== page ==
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I am trying to generate some PATH-like directory list, using simple bash- and UNIX commands. I think this one here gives me the output I like to use:

$ find /usr/local -type d -exec dirname \{\} \; | sort -u | tr '\n' ':'

However, when I try to use this expression using command substitution (e.g. for assigning to a variable), it breaks:

$ echo $(find /usr/local -type d -exec dirname \{\} \; | sort -u | tr '\n' ':' )
/usr /usr/local /usr/local/lib /usr/local/lib/python2.6 /usr/local/lib/site_ruby /usr/local/lib/site_ruby/1.8 /usr/local/lib/xemacs /usr/local/share /usr/local/share/emacs /usr/local/share/emacs/23.2 /usr/local/share/sgml /usr/local/share/xml /usr/local/share/zsh

Any ideas what I am doing wrong, or how I can achieve my goal differently?

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Cannot reproduce, neither in bash nor zsh. Both produce the same output for me. – slhck Jul 30 '12 at 14:31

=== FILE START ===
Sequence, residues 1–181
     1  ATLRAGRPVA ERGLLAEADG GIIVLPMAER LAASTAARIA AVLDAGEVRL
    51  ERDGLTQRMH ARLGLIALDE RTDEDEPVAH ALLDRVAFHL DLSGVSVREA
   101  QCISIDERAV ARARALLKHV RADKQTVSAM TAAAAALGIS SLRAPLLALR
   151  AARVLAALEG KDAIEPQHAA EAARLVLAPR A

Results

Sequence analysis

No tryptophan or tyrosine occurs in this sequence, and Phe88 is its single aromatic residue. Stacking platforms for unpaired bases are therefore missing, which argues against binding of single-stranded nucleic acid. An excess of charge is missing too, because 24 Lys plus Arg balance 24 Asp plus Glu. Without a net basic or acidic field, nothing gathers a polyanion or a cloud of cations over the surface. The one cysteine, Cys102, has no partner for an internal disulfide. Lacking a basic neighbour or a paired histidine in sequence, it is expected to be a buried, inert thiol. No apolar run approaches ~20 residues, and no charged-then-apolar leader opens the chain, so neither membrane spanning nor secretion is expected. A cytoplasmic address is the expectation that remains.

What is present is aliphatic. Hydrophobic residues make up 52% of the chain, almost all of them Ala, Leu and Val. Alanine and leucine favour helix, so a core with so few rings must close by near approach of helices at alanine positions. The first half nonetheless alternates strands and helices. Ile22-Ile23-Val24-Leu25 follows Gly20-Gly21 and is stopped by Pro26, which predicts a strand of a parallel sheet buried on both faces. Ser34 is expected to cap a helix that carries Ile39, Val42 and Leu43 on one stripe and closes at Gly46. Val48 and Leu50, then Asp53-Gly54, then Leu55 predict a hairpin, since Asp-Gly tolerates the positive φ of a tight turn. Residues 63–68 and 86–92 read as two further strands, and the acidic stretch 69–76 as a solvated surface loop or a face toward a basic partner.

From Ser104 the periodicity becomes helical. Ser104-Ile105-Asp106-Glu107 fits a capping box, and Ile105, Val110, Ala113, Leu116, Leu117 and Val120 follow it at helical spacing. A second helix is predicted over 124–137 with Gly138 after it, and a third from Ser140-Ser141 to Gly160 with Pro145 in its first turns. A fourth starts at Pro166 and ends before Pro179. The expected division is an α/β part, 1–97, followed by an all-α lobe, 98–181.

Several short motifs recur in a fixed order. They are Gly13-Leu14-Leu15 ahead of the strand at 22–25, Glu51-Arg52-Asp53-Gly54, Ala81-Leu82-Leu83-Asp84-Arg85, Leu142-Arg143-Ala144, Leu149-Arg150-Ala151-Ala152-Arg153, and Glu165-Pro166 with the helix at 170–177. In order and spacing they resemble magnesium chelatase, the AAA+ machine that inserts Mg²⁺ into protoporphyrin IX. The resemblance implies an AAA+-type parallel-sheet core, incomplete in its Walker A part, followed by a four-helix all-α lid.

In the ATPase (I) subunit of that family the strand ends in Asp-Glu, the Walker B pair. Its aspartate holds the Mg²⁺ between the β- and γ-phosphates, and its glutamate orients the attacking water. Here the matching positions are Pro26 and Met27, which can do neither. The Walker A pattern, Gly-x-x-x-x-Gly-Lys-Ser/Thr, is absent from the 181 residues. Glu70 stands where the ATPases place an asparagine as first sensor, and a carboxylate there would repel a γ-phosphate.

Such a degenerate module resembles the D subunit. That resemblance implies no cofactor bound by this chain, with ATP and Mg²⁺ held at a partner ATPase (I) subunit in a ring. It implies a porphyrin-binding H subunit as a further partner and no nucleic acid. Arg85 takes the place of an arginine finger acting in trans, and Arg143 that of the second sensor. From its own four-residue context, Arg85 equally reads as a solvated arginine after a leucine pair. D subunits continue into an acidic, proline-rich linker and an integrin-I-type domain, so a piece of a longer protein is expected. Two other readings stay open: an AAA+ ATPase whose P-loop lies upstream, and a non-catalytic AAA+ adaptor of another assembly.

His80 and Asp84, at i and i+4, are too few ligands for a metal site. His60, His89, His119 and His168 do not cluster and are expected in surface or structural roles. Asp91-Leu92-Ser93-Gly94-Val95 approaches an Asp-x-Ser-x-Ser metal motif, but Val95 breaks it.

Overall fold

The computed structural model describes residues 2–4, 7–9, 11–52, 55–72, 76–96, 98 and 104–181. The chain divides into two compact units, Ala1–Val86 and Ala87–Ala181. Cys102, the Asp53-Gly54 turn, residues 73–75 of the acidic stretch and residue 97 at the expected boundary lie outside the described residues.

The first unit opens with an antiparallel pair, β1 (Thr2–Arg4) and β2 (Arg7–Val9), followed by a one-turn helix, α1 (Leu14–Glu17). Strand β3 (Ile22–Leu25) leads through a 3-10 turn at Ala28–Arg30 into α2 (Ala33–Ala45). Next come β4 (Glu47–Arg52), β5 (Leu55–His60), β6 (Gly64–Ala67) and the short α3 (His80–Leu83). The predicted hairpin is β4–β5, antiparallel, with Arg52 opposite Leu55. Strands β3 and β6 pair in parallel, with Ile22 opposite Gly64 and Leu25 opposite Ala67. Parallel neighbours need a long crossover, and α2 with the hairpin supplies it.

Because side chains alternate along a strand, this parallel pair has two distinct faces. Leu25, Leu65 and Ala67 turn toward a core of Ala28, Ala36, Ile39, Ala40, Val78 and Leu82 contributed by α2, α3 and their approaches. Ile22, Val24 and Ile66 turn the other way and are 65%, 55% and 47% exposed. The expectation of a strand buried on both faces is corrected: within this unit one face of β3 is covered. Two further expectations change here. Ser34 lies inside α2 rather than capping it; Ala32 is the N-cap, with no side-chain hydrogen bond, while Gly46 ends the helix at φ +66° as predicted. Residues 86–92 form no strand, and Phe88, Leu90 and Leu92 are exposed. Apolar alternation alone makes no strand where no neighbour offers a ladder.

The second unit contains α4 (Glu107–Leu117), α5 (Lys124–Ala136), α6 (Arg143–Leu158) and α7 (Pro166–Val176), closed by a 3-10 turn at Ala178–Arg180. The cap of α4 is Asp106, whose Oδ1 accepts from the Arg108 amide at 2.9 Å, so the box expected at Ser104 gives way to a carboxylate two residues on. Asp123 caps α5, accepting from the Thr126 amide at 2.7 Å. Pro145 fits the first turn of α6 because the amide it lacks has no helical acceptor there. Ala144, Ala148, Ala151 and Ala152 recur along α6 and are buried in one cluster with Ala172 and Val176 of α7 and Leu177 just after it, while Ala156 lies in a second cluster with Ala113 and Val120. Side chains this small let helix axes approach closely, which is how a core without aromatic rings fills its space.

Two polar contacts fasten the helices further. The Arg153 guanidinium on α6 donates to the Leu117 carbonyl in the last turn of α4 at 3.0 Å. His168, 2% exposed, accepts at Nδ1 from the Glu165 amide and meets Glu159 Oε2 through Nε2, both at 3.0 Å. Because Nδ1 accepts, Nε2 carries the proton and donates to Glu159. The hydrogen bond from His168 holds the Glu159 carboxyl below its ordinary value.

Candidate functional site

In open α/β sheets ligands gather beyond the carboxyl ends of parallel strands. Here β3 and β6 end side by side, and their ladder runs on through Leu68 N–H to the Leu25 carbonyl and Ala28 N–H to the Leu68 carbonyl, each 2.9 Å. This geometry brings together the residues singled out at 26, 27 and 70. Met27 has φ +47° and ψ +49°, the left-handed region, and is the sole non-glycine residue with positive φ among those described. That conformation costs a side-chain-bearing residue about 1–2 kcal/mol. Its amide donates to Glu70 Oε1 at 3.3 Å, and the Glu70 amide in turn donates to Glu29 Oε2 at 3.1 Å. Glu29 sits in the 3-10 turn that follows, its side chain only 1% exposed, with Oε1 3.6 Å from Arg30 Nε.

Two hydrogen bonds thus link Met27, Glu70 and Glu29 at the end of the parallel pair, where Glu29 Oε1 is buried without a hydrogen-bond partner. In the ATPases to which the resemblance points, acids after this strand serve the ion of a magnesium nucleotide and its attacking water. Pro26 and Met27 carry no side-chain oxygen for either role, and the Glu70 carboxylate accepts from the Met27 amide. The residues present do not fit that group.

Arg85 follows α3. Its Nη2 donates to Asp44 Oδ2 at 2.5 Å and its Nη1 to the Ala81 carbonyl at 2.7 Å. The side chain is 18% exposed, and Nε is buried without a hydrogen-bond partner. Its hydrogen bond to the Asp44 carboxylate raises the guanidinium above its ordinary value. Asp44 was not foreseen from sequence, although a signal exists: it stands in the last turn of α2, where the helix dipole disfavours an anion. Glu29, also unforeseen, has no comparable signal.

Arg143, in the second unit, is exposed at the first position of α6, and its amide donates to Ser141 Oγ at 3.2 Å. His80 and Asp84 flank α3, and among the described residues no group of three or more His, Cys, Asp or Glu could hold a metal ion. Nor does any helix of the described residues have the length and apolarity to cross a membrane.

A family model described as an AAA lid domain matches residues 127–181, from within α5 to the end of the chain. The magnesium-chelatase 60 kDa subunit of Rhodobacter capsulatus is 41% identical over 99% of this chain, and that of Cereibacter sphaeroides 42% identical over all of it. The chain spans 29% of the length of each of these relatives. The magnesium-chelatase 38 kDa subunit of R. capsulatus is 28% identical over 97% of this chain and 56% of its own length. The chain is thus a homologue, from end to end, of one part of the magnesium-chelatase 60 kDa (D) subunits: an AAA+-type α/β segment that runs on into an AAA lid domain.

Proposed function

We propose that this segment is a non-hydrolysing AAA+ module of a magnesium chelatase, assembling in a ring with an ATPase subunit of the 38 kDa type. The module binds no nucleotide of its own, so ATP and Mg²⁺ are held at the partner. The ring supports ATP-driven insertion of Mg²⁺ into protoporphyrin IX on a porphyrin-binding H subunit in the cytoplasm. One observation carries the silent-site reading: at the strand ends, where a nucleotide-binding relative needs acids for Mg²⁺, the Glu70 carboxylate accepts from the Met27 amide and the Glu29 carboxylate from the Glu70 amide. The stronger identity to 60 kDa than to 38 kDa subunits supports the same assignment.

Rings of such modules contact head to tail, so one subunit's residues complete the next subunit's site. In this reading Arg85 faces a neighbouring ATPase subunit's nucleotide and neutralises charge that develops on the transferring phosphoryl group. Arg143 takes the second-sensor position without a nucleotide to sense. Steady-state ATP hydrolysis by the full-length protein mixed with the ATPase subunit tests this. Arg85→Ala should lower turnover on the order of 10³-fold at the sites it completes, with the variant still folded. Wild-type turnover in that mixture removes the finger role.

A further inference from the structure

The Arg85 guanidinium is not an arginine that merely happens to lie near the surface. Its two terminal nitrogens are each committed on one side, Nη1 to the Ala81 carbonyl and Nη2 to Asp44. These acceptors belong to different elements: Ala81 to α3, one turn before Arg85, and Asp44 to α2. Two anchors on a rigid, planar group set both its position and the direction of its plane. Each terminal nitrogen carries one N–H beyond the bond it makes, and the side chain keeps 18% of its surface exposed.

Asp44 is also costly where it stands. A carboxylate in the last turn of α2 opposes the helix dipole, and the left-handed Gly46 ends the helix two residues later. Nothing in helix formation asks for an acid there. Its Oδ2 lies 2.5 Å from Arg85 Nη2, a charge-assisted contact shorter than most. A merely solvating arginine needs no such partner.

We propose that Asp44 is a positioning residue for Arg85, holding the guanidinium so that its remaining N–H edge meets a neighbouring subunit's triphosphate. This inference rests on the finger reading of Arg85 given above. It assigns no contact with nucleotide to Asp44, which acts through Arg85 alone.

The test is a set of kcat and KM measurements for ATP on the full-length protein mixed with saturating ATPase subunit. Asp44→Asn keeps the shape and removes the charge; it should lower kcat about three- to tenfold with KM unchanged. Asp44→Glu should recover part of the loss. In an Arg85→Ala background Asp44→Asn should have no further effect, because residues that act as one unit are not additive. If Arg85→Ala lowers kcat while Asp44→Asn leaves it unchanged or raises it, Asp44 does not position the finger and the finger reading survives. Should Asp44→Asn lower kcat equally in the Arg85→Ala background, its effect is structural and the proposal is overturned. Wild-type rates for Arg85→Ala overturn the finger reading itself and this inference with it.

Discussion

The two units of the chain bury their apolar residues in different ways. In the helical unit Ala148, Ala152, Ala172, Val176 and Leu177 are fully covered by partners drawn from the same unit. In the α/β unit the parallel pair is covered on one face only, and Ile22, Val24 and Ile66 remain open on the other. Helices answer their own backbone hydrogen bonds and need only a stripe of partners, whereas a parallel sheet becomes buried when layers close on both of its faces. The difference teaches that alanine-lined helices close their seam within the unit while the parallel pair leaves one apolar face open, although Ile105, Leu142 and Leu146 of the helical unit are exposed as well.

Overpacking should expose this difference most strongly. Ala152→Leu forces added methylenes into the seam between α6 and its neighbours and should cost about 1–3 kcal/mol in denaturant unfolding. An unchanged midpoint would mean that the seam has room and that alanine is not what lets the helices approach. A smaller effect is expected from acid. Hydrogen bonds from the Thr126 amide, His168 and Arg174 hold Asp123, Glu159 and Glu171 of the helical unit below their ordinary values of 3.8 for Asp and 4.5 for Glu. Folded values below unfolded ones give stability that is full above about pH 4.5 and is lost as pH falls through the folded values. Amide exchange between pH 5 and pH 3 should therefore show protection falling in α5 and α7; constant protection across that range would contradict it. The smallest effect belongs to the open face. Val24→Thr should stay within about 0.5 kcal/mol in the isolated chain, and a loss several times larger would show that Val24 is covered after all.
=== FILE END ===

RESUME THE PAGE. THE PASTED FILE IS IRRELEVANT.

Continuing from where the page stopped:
Hm, I am using Bash 4.1.5 on Debian Squeeze. Maybe there's some shopt which triggers this? – Arne Jul 30 '12 at 14:53
I'm on 4.2.24 with Ubuntu. Have you set any custom options in one of your startup scripts? – slhck Jul 30 '12 at 15:00
Funny enough this happens for me only in interactive shells. When I put this in a script, it works :-/ – Arne Jul 31 '12 at 7:19
Interesting. Found any differences in your bashrc or bash_profile that could influence the behavior? – slhck Jul 31 '12 at 7:21
up vote 1 down vote accepted

Check the contents of the environment variable IFS, the field separator. It is not used in the find form, but in the echo $(find) form.

export IFS="-"
echo $(...)


export IFS=:
echo $(echo asdf:asdf:asdf)
> asdf asdf asdf

export IFS=;
echo $(echo asdf:asdf:asdf)
> asdf:asdf:asdf

export IFS=:
unset IFS
echo $(echo asdf:asdf:asdf)
> asdf:asdf:asdf
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